The problem is that, though folks still want pickups, The Big Three haven’t been producing vehicles over the past three-ish months, so there could end up being a significant restriction in supply this summer—traditionally an important season for car sales. From the story:
A lack of trucks on dealership lots is a serious problem, but likely a short-term one, said Mark Wakefield, head of automotive practice at AlixPartners. “It feels like a crisis to a dealer. He feels like he doesn’t have the right truck for that buyer,” Wakefield said, adding that low supply will have an impact in the second quarter but be more muted in the third and gone by the fourth.
Automotive News spoke with the owner of Ford and GM dealerships in Texas. He expressed concerns about vehicle inventory in the coming months, but did say that used trucks have been selling well. So at least there’s that.
Also good news is that inventory doesn’t seem too terrible right now. Sure, automakers haven’t produced many pickups over the past three months, but the reality is that not that many people have been buying vehicles, either. So there does seem to still be some inventory available, as Automotive News points out:
For the Detroit 3, overall vehicle supply is notably down for GM but similar to year-earlier levels for Ford Motor Co. and Fiat Chrysler Automobiles, according to estimates from Morgan Stanley. The firm said days’ supply for May was estimated to be 60 for GM, down from 78 in May 2019. Ford’s supply was estimated at 76 days, compared with 75 a year earlier, and FCA was at 68 days, vs. 70 last year.
The question, now, is whether automakers can get production up quickly enough to meet increasing demand before the current supply runs dry. Another question is how long that demand will last given the country’s economic hardships.
You might recall the Car Allowance Rebate System—also called Cash For Clunkers—that the Obama administration rolled out back in 2009. It basically subsidized the purchase of new, efficient cars for people who turned in old gas-guzzlers.
Proponents touted the scheme’s environmental benefits and more importantly, its ability to reinvigorate a then-struggling auto industry. Detractors, however, maligned the program’s effects on the used car market (and thus on mobility for low-income families) as well as its wastefulness (a view espoused especially strongly among car enthusiasts).
There’s been plenty of discussion about such a program returning to the U.S., and there’s also been talk about it happening elsewhere. A recent story from Reuters claims that the U.K. is looking into such a “scrappage scheme” to pump up EV sales, with the news site attributing the info to the British newspaper The Telegraph. From Reuters:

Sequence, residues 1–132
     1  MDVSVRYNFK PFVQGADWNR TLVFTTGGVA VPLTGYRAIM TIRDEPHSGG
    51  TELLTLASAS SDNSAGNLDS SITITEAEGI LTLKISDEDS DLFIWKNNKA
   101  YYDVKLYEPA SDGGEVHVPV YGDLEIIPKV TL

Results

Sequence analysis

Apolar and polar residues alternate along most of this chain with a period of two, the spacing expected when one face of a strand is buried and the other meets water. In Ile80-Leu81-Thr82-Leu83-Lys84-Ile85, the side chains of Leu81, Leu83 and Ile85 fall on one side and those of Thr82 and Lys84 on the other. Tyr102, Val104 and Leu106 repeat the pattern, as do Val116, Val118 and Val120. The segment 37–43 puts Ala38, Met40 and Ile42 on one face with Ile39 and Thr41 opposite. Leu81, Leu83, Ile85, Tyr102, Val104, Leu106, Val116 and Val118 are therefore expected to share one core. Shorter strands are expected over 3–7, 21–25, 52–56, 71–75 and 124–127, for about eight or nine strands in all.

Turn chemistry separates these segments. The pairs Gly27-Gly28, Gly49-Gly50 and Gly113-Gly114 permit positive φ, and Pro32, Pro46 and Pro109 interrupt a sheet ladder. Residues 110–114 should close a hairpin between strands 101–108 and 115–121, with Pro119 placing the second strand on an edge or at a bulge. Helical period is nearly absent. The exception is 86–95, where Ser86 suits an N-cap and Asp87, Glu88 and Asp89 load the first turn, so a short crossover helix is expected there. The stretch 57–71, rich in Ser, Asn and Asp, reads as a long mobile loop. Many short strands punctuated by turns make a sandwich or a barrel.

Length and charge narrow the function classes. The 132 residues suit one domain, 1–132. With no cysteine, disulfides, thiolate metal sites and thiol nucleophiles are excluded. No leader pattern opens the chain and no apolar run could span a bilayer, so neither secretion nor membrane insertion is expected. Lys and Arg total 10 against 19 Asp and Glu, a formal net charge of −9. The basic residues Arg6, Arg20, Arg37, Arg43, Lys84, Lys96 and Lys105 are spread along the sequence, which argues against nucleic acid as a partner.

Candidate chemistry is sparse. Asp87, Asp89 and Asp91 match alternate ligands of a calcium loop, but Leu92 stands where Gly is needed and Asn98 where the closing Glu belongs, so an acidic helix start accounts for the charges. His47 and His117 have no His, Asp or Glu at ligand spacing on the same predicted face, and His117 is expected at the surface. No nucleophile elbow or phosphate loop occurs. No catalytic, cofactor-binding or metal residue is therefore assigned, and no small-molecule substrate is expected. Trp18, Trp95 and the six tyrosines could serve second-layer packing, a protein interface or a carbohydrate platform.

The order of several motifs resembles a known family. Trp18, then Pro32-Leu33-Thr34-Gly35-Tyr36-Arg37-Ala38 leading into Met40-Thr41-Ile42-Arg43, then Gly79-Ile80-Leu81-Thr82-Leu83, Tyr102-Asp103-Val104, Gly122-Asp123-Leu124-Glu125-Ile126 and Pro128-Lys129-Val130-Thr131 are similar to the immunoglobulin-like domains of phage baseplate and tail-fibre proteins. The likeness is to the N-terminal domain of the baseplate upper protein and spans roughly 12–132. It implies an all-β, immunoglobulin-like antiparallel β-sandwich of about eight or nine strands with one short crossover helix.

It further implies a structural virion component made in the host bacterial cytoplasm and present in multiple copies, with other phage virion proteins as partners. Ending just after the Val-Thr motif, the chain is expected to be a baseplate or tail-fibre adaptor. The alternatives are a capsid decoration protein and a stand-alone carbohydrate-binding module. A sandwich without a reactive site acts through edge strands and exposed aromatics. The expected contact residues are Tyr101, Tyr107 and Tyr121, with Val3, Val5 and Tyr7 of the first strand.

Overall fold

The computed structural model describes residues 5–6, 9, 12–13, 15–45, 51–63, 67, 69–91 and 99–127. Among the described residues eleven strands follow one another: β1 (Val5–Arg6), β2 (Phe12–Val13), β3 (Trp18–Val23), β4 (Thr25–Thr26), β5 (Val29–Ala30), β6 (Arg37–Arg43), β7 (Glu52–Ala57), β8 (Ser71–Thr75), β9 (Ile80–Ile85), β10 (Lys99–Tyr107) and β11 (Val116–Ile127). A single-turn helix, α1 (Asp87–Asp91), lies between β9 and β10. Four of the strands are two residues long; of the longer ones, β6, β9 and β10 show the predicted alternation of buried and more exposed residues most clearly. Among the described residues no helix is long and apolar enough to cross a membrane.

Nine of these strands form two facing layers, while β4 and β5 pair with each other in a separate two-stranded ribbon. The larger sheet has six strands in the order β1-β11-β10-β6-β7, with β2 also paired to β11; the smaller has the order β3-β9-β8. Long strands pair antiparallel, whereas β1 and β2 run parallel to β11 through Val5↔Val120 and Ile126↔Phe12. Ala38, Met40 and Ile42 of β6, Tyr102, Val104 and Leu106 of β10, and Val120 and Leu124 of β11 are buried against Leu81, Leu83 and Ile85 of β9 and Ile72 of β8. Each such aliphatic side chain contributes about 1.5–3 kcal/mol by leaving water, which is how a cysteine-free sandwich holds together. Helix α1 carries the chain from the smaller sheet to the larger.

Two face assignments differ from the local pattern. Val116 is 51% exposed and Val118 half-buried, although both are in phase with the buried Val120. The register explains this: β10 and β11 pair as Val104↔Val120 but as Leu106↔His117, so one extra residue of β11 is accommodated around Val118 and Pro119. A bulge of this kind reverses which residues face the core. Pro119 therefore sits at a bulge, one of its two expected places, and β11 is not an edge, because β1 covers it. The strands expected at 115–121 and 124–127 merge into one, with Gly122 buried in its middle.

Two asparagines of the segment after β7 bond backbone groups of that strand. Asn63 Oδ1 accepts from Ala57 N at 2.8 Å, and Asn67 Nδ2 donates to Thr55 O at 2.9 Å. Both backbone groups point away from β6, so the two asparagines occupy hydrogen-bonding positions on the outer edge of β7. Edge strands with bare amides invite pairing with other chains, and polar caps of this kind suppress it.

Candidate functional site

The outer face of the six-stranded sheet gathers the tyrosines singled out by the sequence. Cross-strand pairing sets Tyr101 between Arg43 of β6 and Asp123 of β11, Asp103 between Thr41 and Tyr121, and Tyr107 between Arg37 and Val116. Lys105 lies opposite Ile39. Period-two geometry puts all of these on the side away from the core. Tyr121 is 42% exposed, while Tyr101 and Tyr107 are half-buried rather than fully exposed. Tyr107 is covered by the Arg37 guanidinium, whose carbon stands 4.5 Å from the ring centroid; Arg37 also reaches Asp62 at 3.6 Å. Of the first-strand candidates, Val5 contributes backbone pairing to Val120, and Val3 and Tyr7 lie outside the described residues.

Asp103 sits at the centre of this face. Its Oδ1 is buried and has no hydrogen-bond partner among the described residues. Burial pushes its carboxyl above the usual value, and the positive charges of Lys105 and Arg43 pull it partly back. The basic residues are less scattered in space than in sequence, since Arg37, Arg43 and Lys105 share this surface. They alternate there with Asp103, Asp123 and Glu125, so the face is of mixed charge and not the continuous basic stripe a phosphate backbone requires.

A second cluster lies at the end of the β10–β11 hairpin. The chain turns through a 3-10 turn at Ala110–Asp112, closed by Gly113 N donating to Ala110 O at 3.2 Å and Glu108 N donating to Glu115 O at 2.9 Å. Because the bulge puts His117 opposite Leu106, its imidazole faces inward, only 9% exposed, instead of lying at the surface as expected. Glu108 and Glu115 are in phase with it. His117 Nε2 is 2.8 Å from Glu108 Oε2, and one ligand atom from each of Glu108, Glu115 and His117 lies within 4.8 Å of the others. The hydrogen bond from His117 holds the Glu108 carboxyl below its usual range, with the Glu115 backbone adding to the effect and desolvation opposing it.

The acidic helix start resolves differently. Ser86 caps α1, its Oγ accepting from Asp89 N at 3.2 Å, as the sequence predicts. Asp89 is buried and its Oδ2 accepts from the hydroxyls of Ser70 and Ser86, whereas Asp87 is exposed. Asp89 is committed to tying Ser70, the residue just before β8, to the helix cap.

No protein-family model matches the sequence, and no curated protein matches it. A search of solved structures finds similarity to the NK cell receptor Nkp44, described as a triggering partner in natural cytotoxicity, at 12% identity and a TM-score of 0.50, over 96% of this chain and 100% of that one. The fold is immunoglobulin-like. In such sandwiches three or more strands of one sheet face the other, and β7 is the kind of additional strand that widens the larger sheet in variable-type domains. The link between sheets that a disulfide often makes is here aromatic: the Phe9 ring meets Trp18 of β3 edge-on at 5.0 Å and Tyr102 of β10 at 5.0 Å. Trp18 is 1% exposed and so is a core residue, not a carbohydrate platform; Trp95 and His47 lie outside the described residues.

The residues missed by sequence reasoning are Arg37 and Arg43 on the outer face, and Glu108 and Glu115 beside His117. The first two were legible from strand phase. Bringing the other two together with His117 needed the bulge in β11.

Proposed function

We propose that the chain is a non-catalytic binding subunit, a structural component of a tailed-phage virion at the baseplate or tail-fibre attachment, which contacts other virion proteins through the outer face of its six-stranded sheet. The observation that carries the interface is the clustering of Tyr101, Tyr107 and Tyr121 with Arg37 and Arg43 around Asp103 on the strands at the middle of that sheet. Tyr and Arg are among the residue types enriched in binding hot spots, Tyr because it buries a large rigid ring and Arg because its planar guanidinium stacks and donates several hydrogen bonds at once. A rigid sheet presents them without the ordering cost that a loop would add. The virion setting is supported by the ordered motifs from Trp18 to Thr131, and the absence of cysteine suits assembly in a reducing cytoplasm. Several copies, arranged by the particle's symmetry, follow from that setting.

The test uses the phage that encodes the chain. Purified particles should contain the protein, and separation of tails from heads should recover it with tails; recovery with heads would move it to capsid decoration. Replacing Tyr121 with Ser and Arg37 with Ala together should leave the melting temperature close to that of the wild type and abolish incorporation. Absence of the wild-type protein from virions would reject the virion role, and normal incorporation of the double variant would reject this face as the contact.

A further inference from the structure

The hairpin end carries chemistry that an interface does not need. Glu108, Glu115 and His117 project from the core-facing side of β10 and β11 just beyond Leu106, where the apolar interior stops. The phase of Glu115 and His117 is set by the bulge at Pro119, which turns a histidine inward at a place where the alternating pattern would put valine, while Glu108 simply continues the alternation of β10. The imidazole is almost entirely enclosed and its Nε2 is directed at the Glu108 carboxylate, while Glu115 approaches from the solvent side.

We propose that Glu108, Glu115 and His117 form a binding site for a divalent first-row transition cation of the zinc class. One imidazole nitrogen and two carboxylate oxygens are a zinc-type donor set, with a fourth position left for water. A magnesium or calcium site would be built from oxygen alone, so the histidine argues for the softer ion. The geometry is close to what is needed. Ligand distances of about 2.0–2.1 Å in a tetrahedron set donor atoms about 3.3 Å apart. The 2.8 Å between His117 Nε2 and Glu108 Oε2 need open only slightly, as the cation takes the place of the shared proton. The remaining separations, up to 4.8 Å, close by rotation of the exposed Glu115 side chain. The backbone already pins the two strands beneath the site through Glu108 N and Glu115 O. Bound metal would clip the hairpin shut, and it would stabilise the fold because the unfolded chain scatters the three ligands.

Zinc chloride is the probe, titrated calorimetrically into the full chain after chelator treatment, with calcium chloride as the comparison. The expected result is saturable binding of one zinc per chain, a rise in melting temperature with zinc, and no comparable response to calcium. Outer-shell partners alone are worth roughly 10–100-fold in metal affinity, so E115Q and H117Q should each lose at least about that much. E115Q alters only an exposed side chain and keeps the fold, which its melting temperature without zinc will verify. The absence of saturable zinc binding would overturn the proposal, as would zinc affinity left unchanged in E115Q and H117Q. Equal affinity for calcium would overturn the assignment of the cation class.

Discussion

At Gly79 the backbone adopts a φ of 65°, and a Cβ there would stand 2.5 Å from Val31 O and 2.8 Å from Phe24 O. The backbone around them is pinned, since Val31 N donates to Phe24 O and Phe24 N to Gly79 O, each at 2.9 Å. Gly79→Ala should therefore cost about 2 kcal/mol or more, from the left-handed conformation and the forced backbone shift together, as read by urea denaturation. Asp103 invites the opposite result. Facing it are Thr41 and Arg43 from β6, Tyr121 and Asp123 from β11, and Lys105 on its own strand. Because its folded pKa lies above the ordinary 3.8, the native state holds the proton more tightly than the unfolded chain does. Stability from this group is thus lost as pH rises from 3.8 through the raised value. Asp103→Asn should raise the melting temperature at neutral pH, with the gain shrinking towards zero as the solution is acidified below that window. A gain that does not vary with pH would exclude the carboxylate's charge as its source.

The UK government is considering giving drivers up to 6,000 pounds ($7,600) to swap their diesel and gasoline cars for electric vehicles, a British newspaper said.
British Prime Minister Boris Johnson is said to be looking at July 6 as a potential date to announce the scrapping program, The Telegraph reported on Sunday.
The program is designed to provide a boost for UK electric car manufacturing following the impact of coronavirus lockdown, the newspaper said.
Hopefully not too many amazing Land Rovers Series Is, MGs, and Reliants are sacrificed in the name of EV proliferation and market resurgence.
Meanwhile, in Germany, the government is apparently considering upping taxes on folks who buy cars that emit too many emissions, with the focus being on larger, internal combustion engine-powered vehicles. From Reuters:
The new regulation means that the surcharge would double for buyers of new cars with carbon dioxide emissions of more than 195 grams per kilometre, the draft of the finance ministry showed.
Buyers of smaller cars with carbon dioxide emissions below 95 grams do not face any additional surcharge while electric cars are totally exempt from any motor vehicle tax until the end of 2030, according to the draft law which is now to be discussed internally among ministries.
June 8, 1948, is one of the most important dates in Porsche history: That’s when the first example of the 356 roadster received its street certification, launching not only the initial range of sports cars but a whole lineage that now encompasses many different models and 70 years of production cars and motorsport history.
Every time I fly to New York, I look out into the streets and see NV200s everywhere. I don’t like them, but that’s only because I think Ford Crown Victorias are much cooler. Are you going to miss Nissan vans?